The first of the city's 'pacified' (police-controlled) favelas, Santa Marta is one of the few that is safe and accessible to tourists, with tours aimed at raising awareness and funds to help improve the safety and living conditions of Rio's notorious slums. Santa Marta Favela is no stranger to the limelight - its innovative Favela Painting project, the brainchild of Dutch duo Haas & Hahn, has garnered global attention, and it even starred in the music video for Michael Jackson's 1996 hit 'They Don't Care About Us,' …

» Santa Teresa

Santa Teresa

This unlikely cobblestoned neighborhood close to the center of Rio de Janeiro has long been a tourist favorite among visitors to this Brazilian city. Santa Teresa is located on the top of the hill of the same name, and takes its name from a convent built in the 1750s. It has a history as an upper class neighborhood, as some of its larger and more elaborately built mansions can attest. Santa Teresa has become an artist enclave in recent years, and is a great place to spend an afternoon …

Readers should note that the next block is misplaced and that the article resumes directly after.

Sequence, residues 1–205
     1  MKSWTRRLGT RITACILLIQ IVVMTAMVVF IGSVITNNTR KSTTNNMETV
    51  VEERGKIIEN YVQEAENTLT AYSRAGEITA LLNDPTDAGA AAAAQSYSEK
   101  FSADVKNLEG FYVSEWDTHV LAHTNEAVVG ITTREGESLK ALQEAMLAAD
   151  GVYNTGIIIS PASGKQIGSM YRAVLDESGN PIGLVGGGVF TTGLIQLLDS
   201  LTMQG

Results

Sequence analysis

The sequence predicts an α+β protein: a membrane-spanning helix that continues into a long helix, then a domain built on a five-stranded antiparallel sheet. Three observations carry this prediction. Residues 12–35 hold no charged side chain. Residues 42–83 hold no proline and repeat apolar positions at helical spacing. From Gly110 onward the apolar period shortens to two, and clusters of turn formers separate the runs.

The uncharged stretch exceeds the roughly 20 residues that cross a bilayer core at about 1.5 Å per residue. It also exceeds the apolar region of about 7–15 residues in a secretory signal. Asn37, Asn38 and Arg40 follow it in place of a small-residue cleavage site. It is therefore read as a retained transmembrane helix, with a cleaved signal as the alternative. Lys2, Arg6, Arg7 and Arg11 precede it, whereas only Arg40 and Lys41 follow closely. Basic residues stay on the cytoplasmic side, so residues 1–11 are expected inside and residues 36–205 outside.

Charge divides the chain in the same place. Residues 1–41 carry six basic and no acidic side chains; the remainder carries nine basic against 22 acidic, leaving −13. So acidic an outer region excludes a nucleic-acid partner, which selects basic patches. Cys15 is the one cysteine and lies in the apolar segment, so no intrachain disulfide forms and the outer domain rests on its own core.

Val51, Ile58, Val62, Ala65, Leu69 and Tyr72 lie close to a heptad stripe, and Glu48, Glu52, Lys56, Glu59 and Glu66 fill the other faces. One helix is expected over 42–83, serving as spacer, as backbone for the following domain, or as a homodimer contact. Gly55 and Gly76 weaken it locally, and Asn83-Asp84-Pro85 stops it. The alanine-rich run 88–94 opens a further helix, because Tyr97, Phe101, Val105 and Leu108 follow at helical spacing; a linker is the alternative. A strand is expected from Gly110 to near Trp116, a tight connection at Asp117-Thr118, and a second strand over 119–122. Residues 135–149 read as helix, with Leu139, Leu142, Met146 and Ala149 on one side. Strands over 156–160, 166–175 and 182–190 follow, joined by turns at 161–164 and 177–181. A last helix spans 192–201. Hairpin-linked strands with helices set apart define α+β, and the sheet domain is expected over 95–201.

» Sao Bento Monastery

Sao Bento Monastery, Rio de Janeiro

From the outside, the Sao Bento Monastery and the Church of Nossa Senhora de Montserrat appear to be unassuming and even a bit austere, a nod to 16th century Roman Catholic chastity. Once inside, however, visitors can see how the elaborate nave, filigreed altar, and rococo wooden carvings speak to 16th century Roman Catholic fabulousness. Founded by a group of Benedictine monks - Sao Bento means Saint Benedict - that relocated from Salvador da Bahia in 1590 …

» Sao Conrado Beach

Sao Conrado Beach, Rio de Janeiro